Rendon still has something to prove before reaching bigs

Today marks the beginning of the GM meetings out in Indian Wells, Calif., an event that runs through Friday.

These meetings aren’t nearly as significant as the annual Winter Meetings when it comes to free agent action or trade talk, but they serve as a nice starting point for a lot of offseason deals which are completed at a later date.

While Mike Rizzo is taking part in all that action out in California, Anthony Rendon is starting to heat up in nearby Arizona.

As pointed out by my colleague Byron Kerr, who has been closely monitoring all of the Nationals’ participants in the Arizona Fall League, Rendon went 3-for-3 with two doubles, four RBIs, a walk and a stolen base in yesterday’s 14-12 Salt River win over Scottsdale.

The Nationals’ 2011 first-round pick is now hitting .317 in 60 AFL at-bats, with no home runs, 10 RBIs and four stolen bases.

Rendon has multi-hit games in four of his last six contests and has added six extra-base hits in his last eight games played.

There was some talk late in the regular season that Rendon could be a possible September call-up to the Nationals, this despite the fact that he missed much of the season with an ankle injury and struggled in his time at Double-A Harrisburg upon his return to the field. One of the guys tossing Rendon’s name into discussions about call-ups was Davey Johnson himself.

That talk is a testament to Rendon’s raw talent and how highly he’s thought of throughout the organization. Position players in their first professional season with less than 50 games under their belts aren’t often in the mix for a late-season call-up to the majors, especially when they’ve played minimally above high Single-A and haven’t exactly hit the cover off the ball in the minors.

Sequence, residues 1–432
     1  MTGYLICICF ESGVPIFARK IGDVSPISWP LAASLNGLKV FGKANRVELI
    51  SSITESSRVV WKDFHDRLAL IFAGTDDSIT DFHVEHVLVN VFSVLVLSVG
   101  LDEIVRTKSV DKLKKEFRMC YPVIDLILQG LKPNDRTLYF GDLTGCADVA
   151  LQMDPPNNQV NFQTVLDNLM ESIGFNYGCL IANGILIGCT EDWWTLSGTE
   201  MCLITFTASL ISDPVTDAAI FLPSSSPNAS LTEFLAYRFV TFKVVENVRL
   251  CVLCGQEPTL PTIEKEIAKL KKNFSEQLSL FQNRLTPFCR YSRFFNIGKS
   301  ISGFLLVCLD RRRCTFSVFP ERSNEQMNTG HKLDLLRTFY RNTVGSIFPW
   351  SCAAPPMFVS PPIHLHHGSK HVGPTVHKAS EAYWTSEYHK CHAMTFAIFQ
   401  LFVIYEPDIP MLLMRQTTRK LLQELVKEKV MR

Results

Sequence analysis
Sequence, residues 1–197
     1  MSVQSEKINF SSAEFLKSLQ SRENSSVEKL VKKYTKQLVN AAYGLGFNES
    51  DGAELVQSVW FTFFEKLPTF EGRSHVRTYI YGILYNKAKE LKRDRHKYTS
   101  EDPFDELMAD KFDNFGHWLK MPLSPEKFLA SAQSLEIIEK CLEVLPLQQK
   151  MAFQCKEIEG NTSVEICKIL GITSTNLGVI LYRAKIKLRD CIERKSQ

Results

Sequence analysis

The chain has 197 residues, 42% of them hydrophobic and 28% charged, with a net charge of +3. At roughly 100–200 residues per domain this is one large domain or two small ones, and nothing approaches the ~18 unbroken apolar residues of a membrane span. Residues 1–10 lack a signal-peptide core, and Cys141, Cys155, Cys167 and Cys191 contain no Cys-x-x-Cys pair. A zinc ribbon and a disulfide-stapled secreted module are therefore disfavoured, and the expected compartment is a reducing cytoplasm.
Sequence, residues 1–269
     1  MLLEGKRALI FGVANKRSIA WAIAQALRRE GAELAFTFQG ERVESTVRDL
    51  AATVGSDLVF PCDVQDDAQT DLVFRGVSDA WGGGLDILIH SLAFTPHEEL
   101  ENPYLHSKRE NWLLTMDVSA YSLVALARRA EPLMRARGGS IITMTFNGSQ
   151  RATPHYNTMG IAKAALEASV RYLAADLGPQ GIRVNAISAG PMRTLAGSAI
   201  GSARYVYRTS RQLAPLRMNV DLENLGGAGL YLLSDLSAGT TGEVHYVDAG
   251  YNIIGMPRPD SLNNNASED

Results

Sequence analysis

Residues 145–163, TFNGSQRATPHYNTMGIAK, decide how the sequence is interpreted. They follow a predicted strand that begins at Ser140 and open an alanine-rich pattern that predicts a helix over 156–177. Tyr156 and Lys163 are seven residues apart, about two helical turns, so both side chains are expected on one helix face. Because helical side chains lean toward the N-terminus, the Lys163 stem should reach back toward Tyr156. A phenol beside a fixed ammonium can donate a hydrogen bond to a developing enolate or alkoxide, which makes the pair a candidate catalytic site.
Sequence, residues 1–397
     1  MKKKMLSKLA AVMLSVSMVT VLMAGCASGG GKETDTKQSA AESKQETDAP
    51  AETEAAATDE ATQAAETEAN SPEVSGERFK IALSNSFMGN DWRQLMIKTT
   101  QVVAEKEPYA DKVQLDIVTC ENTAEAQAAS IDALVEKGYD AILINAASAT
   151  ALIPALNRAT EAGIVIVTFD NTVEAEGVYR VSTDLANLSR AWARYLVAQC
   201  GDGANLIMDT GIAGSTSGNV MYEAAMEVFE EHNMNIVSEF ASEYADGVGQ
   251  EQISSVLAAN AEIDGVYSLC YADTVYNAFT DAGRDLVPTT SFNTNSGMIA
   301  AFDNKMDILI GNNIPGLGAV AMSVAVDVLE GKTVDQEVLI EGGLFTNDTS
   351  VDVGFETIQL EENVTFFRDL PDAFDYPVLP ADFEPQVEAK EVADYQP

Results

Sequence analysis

The Nationals see big things for Rendon in the future. He has a smooth swing and can really hit, and also has the ability to play multiple infield positions. Some have mentioned that Rendon could replace Ryan Zimmerman at third base in the coming seasons, with Zimmerman moving across the diamond and turning into a first baseman, where his injury history would be less of a concern and his throwing issues would be less of an issue.

rendon-fielding-red-sidebar.jpgBefore Rendon has the ability to show his stuff at the major league level, however, the 22-year-old has to prove that he can stay healthy. He’s suffered myriad injuries in recent years, which includes two ankle surgeries even before this season and a shoulder injury suffered before his junior season at Rice University. Add that all in with the fractured ankle he dealt with this year, and some might worry that Rendon is injury prone.

Judging by the numbers, Rendon is starting to turn things around out in Arizona. He’ll likely spend a good part of spring training with the big league club this upcoming spring, giving him a chance to further impress the Nationals’ brass.

But there’s no sense in making plans to have Zimmerman switch positions unless Rendon can stay on the field and produce. Zimmerman’s throwing issues are what they are, and he might be better at first base long-term to decrease his risk of injury. He’s still a Gold Glove third baseman, however, and won’t go anywhere until someone legitimately bumps him over to first base.

Let Rendon prove he can stay healthy and is worthy of a call-up before we start talking about him replacing Zimmerman at third. If he’s as good as everyone seems to think he is, he’ll earn a starting big league job soon enough.

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